Italian Ricotta Easter Cookies

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This traditional old world Italian cookie is commonly presented at Easter and Christmas.   This is a tender, buttery, cake-like cookie that is topped with a rich vanilla buttercream icing and then sprinkled with sprinkles of the season – fit for a queen!  These cookies are very easy to make.  The use of grated orange or lemon zest is optional and will not affect the outcome of the cookie if left out of the recipe.  Give these easy little gems a try … your friends and family will be very impressed.

Italian Ricotta Easter Cookies

  • 1/2 lb (2 sticks) unsalted butter at room temperature (never margarine)
  • 2 cups sugar
  • 15 oz. container whole milk Ricotta cheese
  • 2 large eggs
  • 2 tsp. vanilla
  • Grated rind of 1/2 orange or lemon (optional)
  • 4 1/2 cups flour
  • 1 tsp. baking powder
  • 1 tsp. baking soda
  • 1/2 tsp. salt

I like to gather all my ingredients before I begin.  Here, I’ve measured my flour, baking powder, baking soda, salt and set aside; grated a lemon and set aside; measured wet ingredients and set aside.  When giving recipes, I try to list the ingredients in the order that they will be mixed.

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With an electric mixer, cream butter until light and fluffy (about 1 minute); add sugar and continue mixing until blended.  Add eggs, one at a time, and mix only until blended; add ricotta, vanilla, and lemon or orange zest, mixing only until blended.

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Add flour, baking power, baking soda, and salt to the butter and mix only until blended.  Do not overmix.  Baking and Eggs Tip:  The final stage of making cookie dough or cake batter usually involves adding flour to wet ingredients. When the flour is added to liquids and mixed in, the gluten in the flour starts to develop; this is what gives your cookies and cakes their structure.  Gluten can make baked goods tough if there is too much of it in the dough/batter, and excessive mixing of the dough can develop the gluten to this point.  This is also why it is important to accurately measure flour. Do not tap flour down, but rather, gently spoon flour into measuring cup and level with the flat side of a butter knife.  When a recipe instructs you not to overmix, you should just do the minimum amount of mixing necessary to make a uniform dough.  A good rule of thumb is to stop mixing when no streaks of flour remain in your dough.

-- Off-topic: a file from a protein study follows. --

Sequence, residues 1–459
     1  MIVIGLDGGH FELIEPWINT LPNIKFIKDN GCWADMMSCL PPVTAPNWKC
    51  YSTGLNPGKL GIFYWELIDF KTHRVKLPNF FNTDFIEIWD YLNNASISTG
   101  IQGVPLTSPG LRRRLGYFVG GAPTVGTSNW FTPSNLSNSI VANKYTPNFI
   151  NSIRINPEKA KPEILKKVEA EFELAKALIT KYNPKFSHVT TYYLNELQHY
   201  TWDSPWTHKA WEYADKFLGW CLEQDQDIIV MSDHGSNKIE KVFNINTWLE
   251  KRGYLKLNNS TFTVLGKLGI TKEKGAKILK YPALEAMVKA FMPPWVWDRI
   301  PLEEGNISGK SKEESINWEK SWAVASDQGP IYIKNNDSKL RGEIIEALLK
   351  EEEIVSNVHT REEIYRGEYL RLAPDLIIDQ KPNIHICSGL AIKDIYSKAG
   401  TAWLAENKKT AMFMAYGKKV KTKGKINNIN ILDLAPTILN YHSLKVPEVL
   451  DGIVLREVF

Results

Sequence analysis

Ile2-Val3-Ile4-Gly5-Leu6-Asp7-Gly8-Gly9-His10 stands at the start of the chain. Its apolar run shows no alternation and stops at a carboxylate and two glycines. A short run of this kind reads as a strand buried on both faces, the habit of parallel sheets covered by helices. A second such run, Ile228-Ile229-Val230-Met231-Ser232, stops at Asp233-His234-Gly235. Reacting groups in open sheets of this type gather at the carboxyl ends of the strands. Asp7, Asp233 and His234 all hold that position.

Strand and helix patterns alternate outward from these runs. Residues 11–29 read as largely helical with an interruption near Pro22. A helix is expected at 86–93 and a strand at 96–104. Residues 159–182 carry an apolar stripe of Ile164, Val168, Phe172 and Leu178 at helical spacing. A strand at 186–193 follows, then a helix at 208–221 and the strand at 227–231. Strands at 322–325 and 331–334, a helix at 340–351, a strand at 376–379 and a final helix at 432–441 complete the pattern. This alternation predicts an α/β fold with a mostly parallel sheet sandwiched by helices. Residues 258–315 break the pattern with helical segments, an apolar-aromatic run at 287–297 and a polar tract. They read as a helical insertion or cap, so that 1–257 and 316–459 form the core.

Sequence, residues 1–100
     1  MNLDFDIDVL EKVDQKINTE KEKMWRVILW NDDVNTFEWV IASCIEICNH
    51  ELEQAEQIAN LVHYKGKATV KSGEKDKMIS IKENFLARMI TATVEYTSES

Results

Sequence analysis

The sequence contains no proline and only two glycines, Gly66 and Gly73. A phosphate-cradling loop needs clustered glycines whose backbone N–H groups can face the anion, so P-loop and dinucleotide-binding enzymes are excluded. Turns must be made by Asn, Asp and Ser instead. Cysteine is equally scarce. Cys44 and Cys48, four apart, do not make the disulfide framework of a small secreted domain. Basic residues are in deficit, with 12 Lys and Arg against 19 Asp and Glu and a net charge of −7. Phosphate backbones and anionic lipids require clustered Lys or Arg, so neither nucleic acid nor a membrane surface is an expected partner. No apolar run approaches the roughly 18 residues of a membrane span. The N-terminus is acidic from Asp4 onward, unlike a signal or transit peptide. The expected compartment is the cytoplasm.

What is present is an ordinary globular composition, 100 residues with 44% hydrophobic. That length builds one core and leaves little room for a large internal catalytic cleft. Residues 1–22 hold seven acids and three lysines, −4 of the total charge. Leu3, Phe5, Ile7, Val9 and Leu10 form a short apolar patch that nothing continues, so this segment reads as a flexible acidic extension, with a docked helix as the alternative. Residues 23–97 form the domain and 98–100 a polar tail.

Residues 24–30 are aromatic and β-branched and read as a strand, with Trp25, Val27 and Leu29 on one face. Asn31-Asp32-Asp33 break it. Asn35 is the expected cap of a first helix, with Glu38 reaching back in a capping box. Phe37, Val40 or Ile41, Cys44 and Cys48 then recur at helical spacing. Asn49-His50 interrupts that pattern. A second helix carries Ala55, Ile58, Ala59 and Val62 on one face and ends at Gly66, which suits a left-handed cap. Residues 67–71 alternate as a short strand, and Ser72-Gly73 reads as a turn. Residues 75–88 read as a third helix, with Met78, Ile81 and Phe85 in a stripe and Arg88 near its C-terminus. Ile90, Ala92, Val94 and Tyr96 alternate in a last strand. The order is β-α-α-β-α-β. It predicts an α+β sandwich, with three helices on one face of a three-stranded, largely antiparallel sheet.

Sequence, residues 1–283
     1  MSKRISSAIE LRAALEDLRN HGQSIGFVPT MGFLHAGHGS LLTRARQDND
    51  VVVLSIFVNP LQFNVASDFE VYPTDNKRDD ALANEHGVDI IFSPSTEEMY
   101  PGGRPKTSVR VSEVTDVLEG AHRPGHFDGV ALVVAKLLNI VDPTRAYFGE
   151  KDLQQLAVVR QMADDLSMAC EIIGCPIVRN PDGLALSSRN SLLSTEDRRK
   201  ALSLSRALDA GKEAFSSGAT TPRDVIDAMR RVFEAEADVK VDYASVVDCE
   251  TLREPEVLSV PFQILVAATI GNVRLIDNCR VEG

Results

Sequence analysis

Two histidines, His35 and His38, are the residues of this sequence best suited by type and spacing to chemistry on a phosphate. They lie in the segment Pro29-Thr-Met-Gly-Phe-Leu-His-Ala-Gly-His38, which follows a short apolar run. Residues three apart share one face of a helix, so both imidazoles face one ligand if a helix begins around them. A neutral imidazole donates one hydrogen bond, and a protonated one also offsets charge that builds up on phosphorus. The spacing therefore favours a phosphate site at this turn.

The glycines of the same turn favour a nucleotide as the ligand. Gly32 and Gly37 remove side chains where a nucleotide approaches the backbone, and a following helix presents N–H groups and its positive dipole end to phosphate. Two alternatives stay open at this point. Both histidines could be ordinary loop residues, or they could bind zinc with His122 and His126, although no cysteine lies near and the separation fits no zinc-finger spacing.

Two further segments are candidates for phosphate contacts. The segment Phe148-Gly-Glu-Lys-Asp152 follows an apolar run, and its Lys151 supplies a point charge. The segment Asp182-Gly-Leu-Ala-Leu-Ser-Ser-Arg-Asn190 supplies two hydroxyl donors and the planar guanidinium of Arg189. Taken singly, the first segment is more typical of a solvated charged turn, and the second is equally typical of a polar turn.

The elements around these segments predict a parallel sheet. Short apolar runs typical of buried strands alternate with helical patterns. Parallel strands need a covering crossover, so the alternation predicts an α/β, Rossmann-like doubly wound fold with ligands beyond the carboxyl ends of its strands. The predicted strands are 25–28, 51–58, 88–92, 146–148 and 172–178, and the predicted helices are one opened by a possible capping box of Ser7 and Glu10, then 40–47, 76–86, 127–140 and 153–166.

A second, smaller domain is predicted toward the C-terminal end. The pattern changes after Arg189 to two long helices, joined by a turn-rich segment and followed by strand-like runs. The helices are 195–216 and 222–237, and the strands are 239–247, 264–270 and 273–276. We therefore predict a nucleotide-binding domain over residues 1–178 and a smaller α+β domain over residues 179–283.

Drop about a teaspoon of dough on ungreased baking sheet about 2″ apart.  I like to use a medium size cookie scoop for uniformity.  I never bake directly on a cookie sheet.  I always use parchment paper which gives a nice uniform appearance to cookies, there is no problem with sticking, and clean up is a cinch!

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Bake at 350 degrees approximately 10 minutes or until edges are lightly browned.  Cool, frost and add sprinkles before icing sets.

Frosting

  • 4 cups confectionery sugar
  • 1/2 cup (1 stick) sweet, unsalted butter at room temperature
  • 6 Tablespoons milk or half and half
  • 2 tsp. vanilla

Add all ingredients together and mix until creamy.

Baking and Eggs Tip:  I do not ice these cookies until I am ready to serve them and I only ice as many as I want to serve.  They keep very well in a pastic container until you are ready to add icing and sprinkles.  

 

 

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